Finger, Samuelson and Throsell Deliver,but Plot Comes Up Short

A simple nine-act, three-person cast performed Harold Pinter’s 1978 play “Betrayal” on Oct. 29 and 30 at the Presentation theater. Junior James Godbolt directed the short performance which focuses on a love triangle between married couple Robert (Isaac Samuelson) and Emma (Annie Throssell) and their adulterous friend, Jerry (Sam Finger).

The first scene opens with an awkward circular conversation between Emma and Jerry. Emma asks Jerry, “Do you ever think of me?” Jerry answers, then asks it of her. She follows with “Do you remember?” He responds, “I remember.” Emma is upset because her husband, Robert, has just confessed that he has been cheating on her with a number of women for a few years. Emma reveals her affair with Jerry, but Robert is unbothered by it. Jerry becomes angry that Robert knows about their affair because he is a longtime friend and colleague of Robert. This initial conversation illustrates Emma and Jerry’s entire relationship and their characteristic search to pin it down by a definition or meaning.

Isaac Samuelson exercises his penchant for the stiff Englishman, with both his accent and reserved, callous demeanor. Robert, on his wife’s affair with his friend, declares that he does not care about any of it. Throughout the play, he treats Jerry as his friend, never bringing up the issue of Emma.
Annie Throsell (as Emma) embodied the different views that she and Jerry hold about the affair. Emma appeared more cheery and thrilled about sneaking around their spouses than being with Jerry. She described a particular encounter with Jerry’s wife with great enthusiasm. She appeared a bit reluctant to get into bed with Jerry and was more interested in decorating “their” flat with new curtains. Toward the end of the affair, she remarks that the flat is an empty home, to which Jerry retorts, “it will never be that kind of home.”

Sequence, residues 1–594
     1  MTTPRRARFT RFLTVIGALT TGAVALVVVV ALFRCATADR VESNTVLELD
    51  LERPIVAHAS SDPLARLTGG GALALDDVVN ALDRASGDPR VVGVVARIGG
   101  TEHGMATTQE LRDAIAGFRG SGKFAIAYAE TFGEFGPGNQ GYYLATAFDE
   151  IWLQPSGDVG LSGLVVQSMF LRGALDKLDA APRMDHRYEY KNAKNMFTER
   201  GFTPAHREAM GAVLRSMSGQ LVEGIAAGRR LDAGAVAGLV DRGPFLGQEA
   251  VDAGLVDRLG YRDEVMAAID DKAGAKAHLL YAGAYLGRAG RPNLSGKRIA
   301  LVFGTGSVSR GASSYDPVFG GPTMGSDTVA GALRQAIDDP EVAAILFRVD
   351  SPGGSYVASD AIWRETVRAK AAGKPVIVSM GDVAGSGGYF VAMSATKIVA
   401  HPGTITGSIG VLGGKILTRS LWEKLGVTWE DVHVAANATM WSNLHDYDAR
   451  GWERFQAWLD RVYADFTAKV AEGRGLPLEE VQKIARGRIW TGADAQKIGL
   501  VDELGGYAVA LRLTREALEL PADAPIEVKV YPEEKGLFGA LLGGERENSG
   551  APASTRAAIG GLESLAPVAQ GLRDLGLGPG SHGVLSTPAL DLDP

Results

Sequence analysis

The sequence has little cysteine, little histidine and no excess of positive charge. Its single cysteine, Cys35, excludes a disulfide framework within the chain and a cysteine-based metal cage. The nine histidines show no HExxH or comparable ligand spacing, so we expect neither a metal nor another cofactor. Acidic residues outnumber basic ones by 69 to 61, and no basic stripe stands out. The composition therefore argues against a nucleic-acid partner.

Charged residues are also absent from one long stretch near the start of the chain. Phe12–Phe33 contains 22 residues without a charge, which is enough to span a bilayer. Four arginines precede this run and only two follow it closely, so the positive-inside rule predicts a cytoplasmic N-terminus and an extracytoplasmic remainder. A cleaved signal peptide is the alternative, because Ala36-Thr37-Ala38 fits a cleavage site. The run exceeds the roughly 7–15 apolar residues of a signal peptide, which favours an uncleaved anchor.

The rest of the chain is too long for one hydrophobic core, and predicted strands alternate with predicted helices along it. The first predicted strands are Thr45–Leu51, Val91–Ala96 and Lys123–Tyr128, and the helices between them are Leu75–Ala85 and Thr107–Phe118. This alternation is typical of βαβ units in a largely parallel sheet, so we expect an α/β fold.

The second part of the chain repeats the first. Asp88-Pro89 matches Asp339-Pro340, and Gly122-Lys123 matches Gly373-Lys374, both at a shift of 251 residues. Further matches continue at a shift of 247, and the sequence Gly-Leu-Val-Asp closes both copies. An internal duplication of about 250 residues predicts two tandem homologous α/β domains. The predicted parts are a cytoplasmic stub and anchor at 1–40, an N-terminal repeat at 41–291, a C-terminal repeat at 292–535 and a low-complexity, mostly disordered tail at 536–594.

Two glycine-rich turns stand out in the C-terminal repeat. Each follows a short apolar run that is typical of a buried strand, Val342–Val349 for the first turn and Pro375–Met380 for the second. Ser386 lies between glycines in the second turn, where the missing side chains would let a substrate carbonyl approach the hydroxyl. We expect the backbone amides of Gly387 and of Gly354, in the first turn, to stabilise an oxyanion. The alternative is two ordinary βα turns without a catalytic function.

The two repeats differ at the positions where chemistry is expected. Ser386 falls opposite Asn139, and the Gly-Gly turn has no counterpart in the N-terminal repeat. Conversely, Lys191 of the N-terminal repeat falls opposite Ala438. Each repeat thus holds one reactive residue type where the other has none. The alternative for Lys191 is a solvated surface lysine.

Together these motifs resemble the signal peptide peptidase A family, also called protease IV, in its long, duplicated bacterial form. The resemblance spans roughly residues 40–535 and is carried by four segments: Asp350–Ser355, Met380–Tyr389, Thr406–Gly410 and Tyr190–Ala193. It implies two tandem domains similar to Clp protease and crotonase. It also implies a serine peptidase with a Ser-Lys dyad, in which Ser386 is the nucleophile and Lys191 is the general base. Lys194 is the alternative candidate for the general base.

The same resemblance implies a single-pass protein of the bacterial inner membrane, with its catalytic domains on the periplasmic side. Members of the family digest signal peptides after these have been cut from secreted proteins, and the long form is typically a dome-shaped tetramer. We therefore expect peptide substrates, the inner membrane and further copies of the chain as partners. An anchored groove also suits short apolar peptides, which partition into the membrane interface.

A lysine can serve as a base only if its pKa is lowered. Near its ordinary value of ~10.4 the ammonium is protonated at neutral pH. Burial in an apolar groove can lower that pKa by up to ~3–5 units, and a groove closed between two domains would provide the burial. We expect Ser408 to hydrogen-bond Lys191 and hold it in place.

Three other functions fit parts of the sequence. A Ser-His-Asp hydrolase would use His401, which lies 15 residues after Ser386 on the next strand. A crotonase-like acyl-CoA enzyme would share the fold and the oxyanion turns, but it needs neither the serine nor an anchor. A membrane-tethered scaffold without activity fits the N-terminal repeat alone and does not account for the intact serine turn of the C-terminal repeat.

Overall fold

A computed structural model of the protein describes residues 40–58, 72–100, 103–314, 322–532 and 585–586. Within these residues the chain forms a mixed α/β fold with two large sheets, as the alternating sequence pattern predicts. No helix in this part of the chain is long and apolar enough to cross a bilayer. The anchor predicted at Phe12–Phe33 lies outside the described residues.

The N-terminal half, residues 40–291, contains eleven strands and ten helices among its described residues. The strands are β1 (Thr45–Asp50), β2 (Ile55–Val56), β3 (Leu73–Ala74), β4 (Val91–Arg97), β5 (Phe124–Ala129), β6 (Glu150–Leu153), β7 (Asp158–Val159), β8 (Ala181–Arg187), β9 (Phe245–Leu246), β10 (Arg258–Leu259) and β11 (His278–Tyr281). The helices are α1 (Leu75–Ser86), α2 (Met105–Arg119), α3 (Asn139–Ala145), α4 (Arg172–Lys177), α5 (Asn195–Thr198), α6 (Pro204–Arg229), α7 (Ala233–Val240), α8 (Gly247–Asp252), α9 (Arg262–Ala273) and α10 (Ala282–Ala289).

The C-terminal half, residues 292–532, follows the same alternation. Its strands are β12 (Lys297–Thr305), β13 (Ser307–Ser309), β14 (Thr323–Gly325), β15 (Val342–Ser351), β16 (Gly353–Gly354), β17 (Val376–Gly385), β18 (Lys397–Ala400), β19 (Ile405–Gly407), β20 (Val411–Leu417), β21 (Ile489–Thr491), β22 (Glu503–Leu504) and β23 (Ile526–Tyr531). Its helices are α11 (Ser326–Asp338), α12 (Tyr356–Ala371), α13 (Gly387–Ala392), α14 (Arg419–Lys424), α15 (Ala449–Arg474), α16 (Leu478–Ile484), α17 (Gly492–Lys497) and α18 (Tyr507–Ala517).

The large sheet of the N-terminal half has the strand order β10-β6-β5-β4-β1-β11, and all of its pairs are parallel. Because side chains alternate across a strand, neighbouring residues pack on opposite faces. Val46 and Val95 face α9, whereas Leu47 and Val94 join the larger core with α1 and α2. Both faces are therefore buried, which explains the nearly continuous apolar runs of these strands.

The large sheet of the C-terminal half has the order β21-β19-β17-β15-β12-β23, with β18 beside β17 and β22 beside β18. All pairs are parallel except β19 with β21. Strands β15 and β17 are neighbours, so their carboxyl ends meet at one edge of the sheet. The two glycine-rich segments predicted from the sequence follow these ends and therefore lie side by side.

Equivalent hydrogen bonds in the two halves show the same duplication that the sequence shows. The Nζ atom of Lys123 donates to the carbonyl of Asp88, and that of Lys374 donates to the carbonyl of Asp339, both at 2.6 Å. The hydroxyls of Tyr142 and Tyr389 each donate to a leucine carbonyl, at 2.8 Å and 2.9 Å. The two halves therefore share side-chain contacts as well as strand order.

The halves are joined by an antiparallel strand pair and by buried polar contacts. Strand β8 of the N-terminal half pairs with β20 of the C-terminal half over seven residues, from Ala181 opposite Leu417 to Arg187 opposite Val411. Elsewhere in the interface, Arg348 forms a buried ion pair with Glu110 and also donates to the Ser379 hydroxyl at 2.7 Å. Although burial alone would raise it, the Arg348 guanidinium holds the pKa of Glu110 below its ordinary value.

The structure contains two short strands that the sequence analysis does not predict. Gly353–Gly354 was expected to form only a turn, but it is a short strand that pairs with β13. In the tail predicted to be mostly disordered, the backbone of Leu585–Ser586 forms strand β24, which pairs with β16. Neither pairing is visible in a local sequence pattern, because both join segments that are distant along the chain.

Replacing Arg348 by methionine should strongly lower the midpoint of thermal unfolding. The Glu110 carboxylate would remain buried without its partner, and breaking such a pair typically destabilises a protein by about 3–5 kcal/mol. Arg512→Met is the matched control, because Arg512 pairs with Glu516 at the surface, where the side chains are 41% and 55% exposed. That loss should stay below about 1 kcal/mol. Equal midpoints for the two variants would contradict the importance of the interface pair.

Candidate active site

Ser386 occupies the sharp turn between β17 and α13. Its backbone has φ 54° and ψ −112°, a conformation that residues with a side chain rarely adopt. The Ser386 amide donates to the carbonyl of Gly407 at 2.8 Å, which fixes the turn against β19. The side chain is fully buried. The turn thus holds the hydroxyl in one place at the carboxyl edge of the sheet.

Two questions permeate the rhetoric of Jerry and Robert’s friendship. The first is Robert’s persistent quest for a game of squash with Jerry, and his equally strong intent on figuring out when their last game was. Secondly, both men pepper the dialogue with “How is Judith?” and “How is Emma?” The English formality and resulting superficiality allows Jerry and Robert to skirt around the taboo subjects and continue their friendship.

The scenes are set up using reverse chronology, thus the very last scene of the play is of the New Year’s kiss that began Jerry and Emma’s affair and the circular conversation in the first scene takes place after they have ended the affair. Sam Finger, as Jerry, follows up his excellent performance with the final scene in which he declares his love for Emma.

Godbolt and his team of actors impressed the audience, but Pinter’s plot was stale and luke warm, never advancing past the nostalgia of old lovers to invoke deeper, more complex emotions.


Leave a Reply

Your email address will not be published. Required fields are marked *